I'm back in the U.S.--a tad disoriented, but back. Jon and Jamie have done a great job blogging in my absence, and today I will seek to get back in the swing. It will be slightly hard, though, as I'm still taking in my first experience of the Middle East. Doha, Qatar reminded me a lot of Las Vegas, only hotter and much less interested in its visitors having fun (e.g., it is nearly impossible to find a beer there unless you are at an American hotel). You spend your time inside consuming vast amounts of air conditioning, and trying to imagine just how much water it takes to fuel the artificial lawns outside the window. The thing that most struck me was the oxymoron (no longer) of standing outside in a hot wind. The more amazing experience was post-revolution Cairo. Many foreign tourists are unreasonably terrified of the place--due in part to media coverage of riots and protests--and their absence has damaged the economy. In fact, it's a very safe place to visit--unless, perhaps, you deliberately stand in the middle of a protest in Tahrir Square (my picture above is of a burned building there). And the people are wonderful--even when they're pushing you to buy something, a phenomenon we encountered in a rather extreme form, since we were among the few tourists around.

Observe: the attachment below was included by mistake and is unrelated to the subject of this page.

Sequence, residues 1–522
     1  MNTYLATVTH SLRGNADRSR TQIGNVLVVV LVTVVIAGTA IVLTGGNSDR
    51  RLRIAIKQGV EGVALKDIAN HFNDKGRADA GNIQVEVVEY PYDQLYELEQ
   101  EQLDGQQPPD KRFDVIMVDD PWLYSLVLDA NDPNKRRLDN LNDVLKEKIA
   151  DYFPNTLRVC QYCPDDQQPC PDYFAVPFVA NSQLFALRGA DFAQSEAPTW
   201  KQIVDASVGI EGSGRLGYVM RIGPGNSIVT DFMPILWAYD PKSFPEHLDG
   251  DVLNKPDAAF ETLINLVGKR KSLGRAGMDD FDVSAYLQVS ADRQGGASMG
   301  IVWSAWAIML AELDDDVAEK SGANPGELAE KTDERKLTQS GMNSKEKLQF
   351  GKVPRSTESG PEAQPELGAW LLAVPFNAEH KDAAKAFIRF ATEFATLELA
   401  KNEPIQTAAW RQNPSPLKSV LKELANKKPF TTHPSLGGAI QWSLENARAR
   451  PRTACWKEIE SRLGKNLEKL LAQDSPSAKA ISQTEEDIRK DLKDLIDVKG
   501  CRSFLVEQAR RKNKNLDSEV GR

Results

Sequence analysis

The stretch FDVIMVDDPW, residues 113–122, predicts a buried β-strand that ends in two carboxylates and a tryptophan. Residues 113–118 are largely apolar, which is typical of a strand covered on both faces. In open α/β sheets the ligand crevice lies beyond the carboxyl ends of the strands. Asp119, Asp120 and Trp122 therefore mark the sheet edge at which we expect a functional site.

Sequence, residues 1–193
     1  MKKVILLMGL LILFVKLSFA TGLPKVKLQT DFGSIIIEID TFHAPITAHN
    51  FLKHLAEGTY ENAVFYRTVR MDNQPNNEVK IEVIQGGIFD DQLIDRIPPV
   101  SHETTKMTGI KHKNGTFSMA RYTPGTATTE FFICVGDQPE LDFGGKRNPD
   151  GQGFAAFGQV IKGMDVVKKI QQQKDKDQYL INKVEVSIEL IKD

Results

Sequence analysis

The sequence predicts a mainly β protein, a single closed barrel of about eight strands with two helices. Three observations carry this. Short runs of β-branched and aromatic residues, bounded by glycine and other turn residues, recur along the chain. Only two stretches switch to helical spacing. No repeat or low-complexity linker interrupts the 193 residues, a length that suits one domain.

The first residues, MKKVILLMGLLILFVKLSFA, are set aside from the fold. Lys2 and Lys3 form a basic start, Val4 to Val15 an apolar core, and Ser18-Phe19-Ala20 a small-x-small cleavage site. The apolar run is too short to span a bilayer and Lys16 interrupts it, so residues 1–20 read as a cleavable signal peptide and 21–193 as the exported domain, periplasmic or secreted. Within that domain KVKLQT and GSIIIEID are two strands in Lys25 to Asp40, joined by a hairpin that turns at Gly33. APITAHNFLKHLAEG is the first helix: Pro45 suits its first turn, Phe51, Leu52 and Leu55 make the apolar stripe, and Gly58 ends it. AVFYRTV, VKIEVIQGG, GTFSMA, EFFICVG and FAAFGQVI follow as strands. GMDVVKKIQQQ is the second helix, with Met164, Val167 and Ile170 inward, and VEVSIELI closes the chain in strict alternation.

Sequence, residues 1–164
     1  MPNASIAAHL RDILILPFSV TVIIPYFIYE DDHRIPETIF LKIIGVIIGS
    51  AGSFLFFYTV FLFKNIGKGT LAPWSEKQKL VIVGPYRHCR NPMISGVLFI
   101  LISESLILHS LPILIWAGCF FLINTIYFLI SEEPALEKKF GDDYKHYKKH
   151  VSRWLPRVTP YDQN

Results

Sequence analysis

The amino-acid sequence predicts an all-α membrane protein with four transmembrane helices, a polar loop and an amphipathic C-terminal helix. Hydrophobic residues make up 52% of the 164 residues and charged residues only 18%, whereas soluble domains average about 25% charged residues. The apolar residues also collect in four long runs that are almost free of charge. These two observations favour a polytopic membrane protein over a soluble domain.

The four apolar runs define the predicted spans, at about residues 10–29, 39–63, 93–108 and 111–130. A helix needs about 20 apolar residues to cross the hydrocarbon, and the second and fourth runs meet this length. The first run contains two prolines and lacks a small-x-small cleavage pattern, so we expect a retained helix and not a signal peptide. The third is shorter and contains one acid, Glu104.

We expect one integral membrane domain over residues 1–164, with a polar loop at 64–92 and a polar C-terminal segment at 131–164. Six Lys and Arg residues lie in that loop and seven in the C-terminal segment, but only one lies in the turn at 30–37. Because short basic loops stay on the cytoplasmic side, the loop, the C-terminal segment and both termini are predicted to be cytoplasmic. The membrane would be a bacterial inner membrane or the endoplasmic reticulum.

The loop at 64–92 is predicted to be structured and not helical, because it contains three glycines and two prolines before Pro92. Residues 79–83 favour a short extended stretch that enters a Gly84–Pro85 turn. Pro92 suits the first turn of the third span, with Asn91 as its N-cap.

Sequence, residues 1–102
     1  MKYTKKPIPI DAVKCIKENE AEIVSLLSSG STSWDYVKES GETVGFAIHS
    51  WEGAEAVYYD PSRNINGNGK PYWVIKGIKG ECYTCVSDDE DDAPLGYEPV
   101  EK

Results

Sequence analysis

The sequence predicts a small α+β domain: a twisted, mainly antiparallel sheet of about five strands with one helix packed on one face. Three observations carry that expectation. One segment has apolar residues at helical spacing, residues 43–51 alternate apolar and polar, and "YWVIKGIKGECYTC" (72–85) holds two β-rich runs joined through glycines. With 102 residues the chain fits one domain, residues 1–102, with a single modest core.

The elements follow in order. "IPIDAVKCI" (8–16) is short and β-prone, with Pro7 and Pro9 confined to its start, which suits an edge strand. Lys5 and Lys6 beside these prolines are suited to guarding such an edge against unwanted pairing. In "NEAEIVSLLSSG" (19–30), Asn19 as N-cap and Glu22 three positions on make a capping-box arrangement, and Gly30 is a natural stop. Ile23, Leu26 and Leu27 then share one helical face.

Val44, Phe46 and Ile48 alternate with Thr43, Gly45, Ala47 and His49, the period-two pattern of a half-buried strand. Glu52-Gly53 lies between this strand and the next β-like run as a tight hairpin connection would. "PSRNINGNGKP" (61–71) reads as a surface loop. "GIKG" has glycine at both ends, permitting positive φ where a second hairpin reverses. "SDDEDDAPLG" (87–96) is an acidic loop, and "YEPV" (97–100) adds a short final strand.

We were there--myself and science journalists Deborah Blum, David Dobbs, Beryl Lieff Benderly and Curtis Brainard--for a workshop, sponsored by the U.S. Embassy in Cairo, with our Egyptian media counterparts. We went in wrongly assuming that they were more focused on politics and didn't know a great deal about science journalism, and were very surprised--the participants were quite sophisticated about the challenges of our field and very dedicated to covering public health and the environment (the Nile Delta, in particular, is greatly threatened by sea level rise). The result was a wonderful exchange that I hope can continue--as frankly, I had at least as much to learn from them as they had to learn from me. In the meantime, we have to watch Egypt closely as the search for post-revolution stability moves forward--and hope that science and research will play a central role in a long-term economic recovery. Caltech Nobel Laureate chemist Ahmed Zewail (sometimes mentioned as a possibility for Egypt's first Democratic president) has founded a "Science City" to that end--a project that was endorsed by the Mubarak government but has only gotten traction since the Revolution. I sincerely hope this mega-initiative succeeds: It's precisely the kind of innovation that will set the groundwork for a future democratic, and economically progressive Egypt.